by Binalakshmi "Bina" NepramSeptember 20, 2019
Last January, the people of the state of Manipur and northeast India rose up against the Indian government’s attempt to introduce the Citizenship Amendment Bill, which they found discriminatory and a grave violation of the Indian Constitution and Universal Declaration of Human Rights. Millions mobilized in protest across the region.
A group of Manipuri women who call themselves the Meira Paibis ("Women with Torches") led many extraordinary nonviolent demonstrations that lasted for weeks—and ultimately compelled the government to withdraw the bill the very next month, last February.
But this was just the most recent example of their organizing—the Meira Paibis have been active for decades, notably against the Armed Forces Special Powers Act (AFSPA), a controversial act that has spurred police impunity in the northeast region.
This blog post focuses on their long nonviolent struggle over conditions in Manipur. India is often referred to as the world’s largest democracy, but one may question what kind of democracy imposes martial law on its own people. Government agencies suppress news from Manipur, so very few people in India and elsewhere know about this conflict.
Manipur, which shares a border with Myanmar, is home to 2.2 million people belonging to 39 indigenous communities. Manipur was an independent Asian nation state until 1949 when it was merged under duress with the Union of India. This controversial merger triggered political conflict in Manipur.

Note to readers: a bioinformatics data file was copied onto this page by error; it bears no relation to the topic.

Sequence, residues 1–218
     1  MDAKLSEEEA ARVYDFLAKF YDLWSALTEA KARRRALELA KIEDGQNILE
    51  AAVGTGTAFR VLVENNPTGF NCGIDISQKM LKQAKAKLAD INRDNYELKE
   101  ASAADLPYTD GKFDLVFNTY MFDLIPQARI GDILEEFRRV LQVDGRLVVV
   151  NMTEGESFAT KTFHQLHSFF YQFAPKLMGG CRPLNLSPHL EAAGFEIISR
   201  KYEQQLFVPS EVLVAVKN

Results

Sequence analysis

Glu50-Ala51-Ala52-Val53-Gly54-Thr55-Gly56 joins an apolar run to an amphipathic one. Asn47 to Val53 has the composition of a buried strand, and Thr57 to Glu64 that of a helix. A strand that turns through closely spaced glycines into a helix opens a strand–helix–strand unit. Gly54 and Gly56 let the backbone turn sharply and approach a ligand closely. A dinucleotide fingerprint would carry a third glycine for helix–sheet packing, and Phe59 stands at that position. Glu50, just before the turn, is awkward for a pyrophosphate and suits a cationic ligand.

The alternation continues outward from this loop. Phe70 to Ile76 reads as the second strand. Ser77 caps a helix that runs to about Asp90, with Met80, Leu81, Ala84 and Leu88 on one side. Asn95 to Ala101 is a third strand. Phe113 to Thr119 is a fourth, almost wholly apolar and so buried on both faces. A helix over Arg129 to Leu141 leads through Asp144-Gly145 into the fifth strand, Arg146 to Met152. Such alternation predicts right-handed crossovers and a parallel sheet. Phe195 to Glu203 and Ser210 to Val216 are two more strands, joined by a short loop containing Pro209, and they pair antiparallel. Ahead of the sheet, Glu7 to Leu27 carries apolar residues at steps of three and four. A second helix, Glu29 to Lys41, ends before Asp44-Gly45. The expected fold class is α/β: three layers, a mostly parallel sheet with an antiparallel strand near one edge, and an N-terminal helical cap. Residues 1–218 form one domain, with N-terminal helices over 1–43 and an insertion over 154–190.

India then put areas of the northeast region under the draconian Armed Forces Special Powers Act (AFSPA) in 1958, an act that violates the Constitution of India and the Universal Declaration of Human Rights. The AFSPA provides complete impunity to Indian military forces while operating in indigenous areas of Manipur and the northeast. Anyone can be arrested, imprisoned, or killed merely on suspicion, without an arrest warrant and without a right to trial.
Manipuri women, especially mothers who are called Meira Paibis (“women with bamboo torches”) have been at the forefront of a strong nonviolent peace and resistance movement since the start of counter-insurgency operations that took place in late 1970s. Women’s groups in Manipur have developed many powerful nonviolent actions designed to confront the insurgency that has engulfed the region in the last seven decades.